Styrofoam Recycling

Styrofoam Recycling

Styrofoam Recycling in the San Franciswco Bay Area
Figure 1: Condensed Styrofoam

GreenCitizen accepts Styrofoam for recycling at our Burlingame EcoCenter. We charge $5 per 30-gallon bag. This fee covers our logistic and processing costs, as well as the cost of the Styrofoam condenser itself.

We accept only clean white Styrofoam that is EPS or XPS number 6. Colored, food contaminated, or dirty Styrofoam is NOT ACCEPTED. If you’re a business, we’re happy to pick up Styrofoam directly from your office.

What Is Styrofoam Anyway?

Figure 2: A GreenCitizen staff member processing some Styrofoam

Styrofoam is the name of a trademarked, extruded, closed-cell polystyrene foam produced by the Dow Chemical Company and introduced to the U.S. market in 1954. However, the word “Styrofoam” informally refers to various polystyrene foam products (similar to the word “Kleenex” informally referring to all facial tissue paper products). EPS (expanded polystyrene) is rigid, closed-cell foam often found in packaging and food takeout containers. XPS (extruded polystyrene), slightly denser and rougher, has similar uses.

The Environmental Protection Agency (EPA) has classified styrene, the material that makes up Styrofoam, as a possible human carcinogen.  Every day, about 1369 tons of Styrofoam ends up in a landfill and it takes 500 years to decompose. When heated, Styrofoam releases toxins. Even exposure to sunlight creates air pollutants that harm landfills and the ozone layer. It’s infamous for breaking into smaller pieces, which can fatally harm mammals or fish that ingest them.

Styrofoam is one of the most frustrating materials that we encounter as recyclers trying to protect the environment. It biodegrades slowly in a landfill and shows significant resistance to photolysis, or decomposition by the action of light. (For comparison, organic material like a banana peel will biodegrade in just two months.) While Styrofoam is 100% recyclable under ideal conditions, most recyclers won’t accept it because its low density takes up significant storage space, which makes for cost-inefficient recycling (bottom line: recyclers lose money).

The best course of action around this environmentally unfriendly material begins with you, the consumer. Bring your own reusable food containers to restaurants and just say no to that inevitable Styrofoam takeout box. Avoid buying products with Styrofoam packaging, including online purchases that must be shipped to you. Biodegradable packaging materials are becoming more readily available (check out this New Yorker article to see how fungus might become the answer).  Nevertheless, Styrofoam is so deeply embedded in our single-use, disposable culture that accumulating it seems inevitable.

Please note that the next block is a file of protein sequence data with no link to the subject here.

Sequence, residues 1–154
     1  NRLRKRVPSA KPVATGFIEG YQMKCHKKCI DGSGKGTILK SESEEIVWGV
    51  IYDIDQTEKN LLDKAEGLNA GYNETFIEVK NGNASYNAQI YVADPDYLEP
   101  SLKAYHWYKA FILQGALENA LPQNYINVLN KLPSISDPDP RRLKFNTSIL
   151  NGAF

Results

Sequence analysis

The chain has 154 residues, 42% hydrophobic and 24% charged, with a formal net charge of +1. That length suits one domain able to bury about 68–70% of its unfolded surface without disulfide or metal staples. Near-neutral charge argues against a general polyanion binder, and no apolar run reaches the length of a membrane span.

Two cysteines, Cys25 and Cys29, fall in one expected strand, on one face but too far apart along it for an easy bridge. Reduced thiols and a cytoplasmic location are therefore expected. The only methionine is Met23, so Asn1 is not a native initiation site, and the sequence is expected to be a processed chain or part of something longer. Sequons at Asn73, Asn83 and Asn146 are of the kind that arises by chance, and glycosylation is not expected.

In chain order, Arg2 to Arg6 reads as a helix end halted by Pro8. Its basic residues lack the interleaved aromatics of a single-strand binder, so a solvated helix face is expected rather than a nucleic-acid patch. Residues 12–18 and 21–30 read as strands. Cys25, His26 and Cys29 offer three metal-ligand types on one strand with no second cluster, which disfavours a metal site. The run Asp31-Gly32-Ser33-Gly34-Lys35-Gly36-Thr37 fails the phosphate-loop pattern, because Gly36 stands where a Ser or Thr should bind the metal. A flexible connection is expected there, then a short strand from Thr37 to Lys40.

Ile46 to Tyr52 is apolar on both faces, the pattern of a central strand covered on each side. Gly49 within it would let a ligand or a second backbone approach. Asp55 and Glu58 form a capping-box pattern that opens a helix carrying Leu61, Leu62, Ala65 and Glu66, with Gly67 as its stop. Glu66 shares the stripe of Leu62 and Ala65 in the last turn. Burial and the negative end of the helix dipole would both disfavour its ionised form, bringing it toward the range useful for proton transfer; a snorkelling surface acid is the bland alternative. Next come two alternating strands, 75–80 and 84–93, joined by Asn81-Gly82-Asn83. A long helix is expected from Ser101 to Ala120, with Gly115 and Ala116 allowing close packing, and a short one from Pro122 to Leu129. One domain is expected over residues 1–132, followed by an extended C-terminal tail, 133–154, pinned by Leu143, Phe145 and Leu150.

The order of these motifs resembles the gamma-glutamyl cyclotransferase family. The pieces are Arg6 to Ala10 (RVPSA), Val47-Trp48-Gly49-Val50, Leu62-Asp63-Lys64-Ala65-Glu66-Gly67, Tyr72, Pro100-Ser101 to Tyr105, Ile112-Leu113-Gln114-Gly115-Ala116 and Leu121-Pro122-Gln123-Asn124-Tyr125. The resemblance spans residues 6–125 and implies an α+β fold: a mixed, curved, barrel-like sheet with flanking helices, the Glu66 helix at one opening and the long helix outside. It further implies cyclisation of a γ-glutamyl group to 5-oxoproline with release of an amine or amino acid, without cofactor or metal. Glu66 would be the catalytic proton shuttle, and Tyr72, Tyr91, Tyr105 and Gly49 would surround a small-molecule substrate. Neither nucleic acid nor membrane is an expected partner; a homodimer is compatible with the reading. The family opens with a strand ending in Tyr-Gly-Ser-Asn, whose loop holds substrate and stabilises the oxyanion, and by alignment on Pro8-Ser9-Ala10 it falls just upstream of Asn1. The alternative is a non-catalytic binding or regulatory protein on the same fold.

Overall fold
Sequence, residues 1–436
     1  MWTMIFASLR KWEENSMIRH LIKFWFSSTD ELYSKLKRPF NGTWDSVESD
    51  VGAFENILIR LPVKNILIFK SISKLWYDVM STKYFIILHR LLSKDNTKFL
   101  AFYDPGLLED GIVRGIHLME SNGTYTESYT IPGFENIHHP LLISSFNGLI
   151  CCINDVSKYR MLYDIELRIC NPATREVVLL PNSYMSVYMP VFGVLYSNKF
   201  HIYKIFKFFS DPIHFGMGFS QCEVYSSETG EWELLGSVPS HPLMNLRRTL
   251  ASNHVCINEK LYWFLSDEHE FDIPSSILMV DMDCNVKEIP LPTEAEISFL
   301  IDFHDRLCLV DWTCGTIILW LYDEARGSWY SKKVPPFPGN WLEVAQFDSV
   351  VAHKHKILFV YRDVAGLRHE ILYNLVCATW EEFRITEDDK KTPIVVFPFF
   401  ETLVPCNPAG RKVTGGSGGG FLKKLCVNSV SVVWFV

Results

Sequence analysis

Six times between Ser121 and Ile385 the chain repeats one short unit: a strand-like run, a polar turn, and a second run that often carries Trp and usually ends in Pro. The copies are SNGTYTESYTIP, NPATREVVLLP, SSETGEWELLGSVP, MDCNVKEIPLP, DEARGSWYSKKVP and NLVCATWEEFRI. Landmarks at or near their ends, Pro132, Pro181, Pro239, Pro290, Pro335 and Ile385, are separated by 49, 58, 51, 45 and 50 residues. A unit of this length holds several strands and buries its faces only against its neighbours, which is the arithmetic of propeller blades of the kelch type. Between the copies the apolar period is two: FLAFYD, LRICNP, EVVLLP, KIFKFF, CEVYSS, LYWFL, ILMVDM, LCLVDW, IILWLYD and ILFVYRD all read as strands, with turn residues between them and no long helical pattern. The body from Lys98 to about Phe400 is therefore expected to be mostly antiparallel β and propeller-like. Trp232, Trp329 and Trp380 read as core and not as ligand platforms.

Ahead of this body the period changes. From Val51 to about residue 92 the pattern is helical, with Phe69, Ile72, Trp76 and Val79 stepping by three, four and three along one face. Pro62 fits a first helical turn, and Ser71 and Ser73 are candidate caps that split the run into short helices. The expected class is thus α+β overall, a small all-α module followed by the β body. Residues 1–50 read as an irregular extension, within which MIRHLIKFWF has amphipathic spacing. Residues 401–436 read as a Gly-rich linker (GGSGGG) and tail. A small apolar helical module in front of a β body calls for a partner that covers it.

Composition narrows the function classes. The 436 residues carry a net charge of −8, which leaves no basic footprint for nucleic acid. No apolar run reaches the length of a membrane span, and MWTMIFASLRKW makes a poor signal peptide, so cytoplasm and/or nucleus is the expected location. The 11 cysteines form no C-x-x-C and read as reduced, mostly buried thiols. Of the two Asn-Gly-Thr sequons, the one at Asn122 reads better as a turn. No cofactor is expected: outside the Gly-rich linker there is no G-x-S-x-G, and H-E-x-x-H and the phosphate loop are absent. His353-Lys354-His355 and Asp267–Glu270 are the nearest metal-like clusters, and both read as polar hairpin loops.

How Does GreenCitizen Recycle Your Styrofoam?

You’ve unloaded your bags of EPS Styrofoam at our EcoCenter, happy that you’ve done the right thing for the environment. What will happen to it after you drive away?
GreenCitizen isn’t the first company to address the Styrofoam problem. A number of businesses sell Styrofoam condensing machines, and we work with a company that has one. They feed your white, unsoiled blocks of Styrofoam into the machine, which condenses it to roughly 1/90th of its original volume. The dense polystyrene product emerging from the other end (looking a bit like soft-serve frozen yogurt) becomes a recyclable commodity for producers of recycled plastic pellets.
 
Yes, it’s still plastic and it still takes far too long to biodegrade. But these pellets have a wide range of possible reuses. They can be turned into insulation sheets and other construction materials. They can also become cameras, clothes hangers, jewelry cases, public benches, pots, toys, and picture frames. They can make a lightweight, buoyant surfboard, and they can be fashioned into the elegant crown molding for detailing the ceilings in your house. The possible applications are endless, and all of them are better than taking up space in a landfill for the next five centuries.
Figure 3: Crown Molding

To learn more, come to our Burlingame EcoCenter and take a close look at some condensed Styrofoam. Bring us all that unwanted packaging material cluttering your closet or garage, and help us recycle this stuff to keep it out of the landfill. Thank you so much for doing your part!


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